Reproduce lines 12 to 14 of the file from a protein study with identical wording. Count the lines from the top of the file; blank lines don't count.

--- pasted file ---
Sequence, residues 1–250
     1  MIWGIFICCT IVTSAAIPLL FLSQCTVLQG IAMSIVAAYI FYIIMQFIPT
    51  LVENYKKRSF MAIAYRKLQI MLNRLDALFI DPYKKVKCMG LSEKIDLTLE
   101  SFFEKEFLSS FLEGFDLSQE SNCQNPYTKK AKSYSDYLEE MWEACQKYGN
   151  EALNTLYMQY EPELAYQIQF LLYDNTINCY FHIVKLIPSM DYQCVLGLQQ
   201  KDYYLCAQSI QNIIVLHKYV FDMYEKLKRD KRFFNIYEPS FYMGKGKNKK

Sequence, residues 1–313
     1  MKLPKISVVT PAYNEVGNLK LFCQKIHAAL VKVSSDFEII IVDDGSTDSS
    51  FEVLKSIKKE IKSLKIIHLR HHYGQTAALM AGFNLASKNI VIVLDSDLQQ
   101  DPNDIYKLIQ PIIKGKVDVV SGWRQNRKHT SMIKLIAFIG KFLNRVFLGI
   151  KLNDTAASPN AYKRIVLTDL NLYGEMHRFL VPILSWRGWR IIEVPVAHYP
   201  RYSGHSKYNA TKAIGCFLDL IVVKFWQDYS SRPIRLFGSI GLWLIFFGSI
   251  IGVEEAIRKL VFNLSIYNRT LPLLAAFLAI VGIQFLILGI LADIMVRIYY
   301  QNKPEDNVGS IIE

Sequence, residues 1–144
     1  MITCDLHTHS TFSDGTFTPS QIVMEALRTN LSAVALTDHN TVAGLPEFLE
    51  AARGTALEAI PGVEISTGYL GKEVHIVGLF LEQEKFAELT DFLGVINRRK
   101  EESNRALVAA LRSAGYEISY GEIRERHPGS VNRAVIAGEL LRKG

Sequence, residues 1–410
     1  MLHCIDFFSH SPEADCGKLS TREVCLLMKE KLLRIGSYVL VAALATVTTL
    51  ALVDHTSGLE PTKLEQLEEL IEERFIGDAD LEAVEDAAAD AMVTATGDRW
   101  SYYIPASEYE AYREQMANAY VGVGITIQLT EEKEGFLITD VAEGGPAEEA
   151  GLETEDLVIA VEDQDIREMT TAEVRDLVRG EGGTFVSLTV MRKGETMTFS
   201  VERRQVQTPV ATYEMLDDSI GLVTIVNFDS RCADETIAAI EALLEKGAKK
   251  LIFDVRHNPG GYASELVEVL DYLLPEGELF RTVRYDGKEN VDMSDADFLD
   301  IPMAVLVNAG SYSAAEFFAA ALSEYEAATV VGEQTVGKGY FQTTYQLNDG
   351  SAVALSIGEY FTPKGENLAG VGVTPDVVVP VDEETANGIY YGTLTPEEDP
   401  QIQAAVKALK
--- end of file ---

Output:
   201  RYSGHSKYNA TKAIGCFLDL IVVKFWQDYS SRPIRLFGSI GLWLIFFGSI
   251  IGVEEAIRKL VFNLSIYNRT LPLLAAFLAI VGIQFLILGI LADIMVRIYY
   301  QNKPEDNVGS IIE